Facebook CEO Mark Zuckerberg has agreed to testify before Congress to answer questions from lawmakers about how his company handles the data of its over 2 billion users. The move comes in the wake of the Cambridge Analytica scandal, in which data from around 87 million users was improperly obtained and utilized by the shady firm to influence the 2016 US presidential election.
This will be the Facebook CEO's first-ever official appearance before federal lawmakers. While Facebook has been previously criticized by the FTC for its disregard for user privacy, pressure from authorities following the Cambridge Analytica scandal has now become too great to ignore. Zuckerberg will testify first in the Senate, and then the next day in the House.
Here's exactly when and where Zuckerberg will testify:
- Tuesday, April 10 at 2:15 p.m. ET, before a rare joint hearing of the Senate Judiciary and Commerce Committees.
- Wednesday, April 11 at 10 a.m. ET, before the House Energy and Commerce Committee.
Watch Zuckerberg's testimony live
Tuesday - Senate Judiciary and Commerce Committee
For Tuesday's hearing, the Senate Judiciary appears not to have scheduled an official video broadcast. However, CNET will be running a livestream of the event on its YouTube channel, which you can check below.
Wednesday - the House Energy and Commerce Committee
Wednesday's hearing will be broadcast live from the Energy and Commerce Committee's own YouTube channel, in the video below:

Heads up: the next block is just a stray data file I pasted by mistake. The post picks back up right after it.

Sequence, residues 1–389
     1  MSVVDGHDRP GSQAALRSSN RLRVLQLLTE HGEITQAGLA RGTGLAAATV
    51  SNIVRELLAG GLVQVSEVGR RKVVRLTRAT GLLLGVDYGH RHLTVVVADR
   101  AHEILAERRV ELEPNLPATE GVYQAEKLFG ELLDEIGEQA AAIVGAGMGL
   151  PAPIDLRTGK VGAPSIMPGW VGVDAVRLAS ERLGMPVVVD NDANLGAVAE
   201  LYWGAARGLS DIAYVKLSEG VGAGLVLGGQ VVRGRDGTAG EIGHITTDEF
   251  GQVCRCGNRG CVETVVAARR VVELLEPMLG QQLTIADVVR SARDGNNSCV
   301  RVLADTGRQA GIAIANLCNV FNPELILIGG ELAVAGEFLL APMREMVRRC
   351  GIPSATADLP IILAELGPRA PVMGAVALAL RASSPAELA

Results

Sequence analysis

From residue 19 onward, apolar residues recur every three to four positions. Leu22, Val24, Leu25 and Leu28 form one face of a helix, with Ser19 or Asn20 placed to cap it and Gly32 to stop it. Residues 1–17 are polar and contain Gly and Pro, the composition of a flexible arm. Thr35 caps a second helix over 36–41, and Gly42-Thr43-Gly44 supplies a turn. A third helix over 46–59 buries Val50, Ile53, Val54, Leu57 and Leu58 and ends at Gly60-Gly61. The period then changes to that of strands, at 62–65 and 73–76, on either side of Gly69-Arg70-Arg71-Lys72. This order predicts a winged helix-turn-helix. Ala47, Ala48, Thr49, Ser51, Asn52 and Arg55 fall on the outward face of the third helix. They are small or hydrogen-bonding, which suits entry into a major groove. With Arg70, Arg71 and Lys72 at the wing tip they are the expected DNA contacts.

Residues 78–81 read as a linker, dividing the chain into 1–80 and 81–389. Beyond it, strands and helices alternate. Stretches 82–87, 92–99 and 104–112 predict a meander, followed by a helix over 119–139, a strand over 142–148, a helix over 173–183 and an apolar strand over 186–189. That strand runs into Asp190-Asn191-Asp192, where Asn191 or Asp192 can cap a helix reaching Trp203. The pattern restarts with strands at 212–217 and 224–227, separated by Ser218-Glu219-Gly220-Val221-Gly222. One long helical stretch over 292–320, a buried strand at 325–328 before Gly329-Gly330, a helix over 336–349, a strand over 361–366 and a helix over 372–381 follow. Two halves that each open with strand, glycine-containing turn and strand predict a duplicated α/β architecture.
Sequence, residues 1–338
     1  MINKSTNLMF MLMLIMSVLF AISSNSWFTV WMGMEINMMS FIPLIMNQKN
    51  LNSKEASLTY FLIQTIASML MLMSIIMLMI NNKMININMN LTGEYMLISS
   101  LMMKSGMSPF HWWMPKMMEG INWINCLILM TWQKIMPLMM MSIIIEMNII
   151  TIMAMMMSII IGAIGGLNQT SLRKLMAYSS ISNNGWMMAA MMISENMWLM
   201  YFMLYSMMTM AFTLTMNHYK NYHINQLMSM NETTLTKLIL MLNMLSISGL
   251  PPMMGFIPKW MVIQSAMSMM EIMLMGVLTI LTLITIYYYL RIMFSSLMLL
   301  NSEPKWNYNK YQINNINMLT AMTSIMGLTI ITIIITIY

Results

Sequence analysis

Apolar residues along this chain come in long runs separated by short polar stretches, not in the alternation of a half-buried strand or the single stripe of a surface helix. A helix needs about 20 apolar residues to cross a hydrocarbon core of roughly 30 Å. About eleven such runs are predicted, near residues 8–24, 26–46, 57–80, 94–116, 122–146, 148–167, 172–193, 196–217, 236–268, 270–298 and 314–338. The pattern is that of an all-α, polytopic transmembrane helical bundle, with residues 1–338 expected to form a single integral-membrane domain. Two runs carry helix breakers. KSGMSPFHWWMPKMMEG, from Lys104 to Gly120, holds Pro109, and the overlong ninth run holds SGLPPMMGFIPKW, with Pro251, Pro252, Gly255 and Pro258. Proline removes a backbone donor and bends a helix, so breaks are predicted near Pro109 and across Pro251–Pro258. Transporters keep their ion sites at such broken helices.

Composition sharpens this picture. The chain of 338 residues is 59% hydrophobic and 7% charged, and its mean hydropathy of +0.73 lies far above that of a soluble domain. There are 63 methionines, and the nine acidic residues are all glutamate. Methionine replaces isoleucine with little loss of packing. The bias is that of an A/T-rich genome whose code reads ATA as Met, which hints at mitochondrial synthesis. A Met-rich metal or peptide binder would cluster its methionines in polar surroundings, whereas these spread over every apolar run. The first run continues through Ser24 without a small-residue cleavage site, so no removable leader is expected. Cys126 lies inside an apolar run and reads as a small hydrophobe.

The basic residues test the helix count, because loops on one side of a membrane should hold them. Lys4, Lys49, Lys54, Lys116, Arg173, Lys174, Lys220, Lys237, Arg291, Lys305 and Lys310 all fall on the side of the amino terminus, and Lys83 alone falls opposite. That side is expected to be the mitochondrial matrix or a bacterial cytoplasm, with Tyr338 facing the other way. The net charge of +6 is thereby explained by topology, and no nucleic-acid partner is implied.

On the House Energy and Commerce Committee's official website, you can also see the written statements and official correspondence between the committee and the Facebook CEO.
The documents provide a timeline of how Facebook got to the point where it landed in this hotseat, pressing Zuckerberg to explain how it let Cambridge Analytica get away with scraping so much data without user consent.
But that's not all that Zuckerberg will be grilled on. For example, he'll have to explain how Russia's Internet Research Agency reached millions of Americans with targeted propaganda, despite a relatively small amount of money spent on ads.
While Zuckerberg will have to apologize for the past, his more important mission will be to convince people to trust Facebook in the future. More crucially, Zuckerberg must convince lawmakers, who have the power to regulate Facebook, not to impose anything too onerous that might harm the company's bottom line.
If there is to be regulation, Zuckerberg will no doubt want a strong hand in shaping it himself, and to do that, he'll need to win hearts and minds in his Congressional hearings.
Will you be watching Zuckerberg testify before Congress? Do you expect that Facebook will face regulation?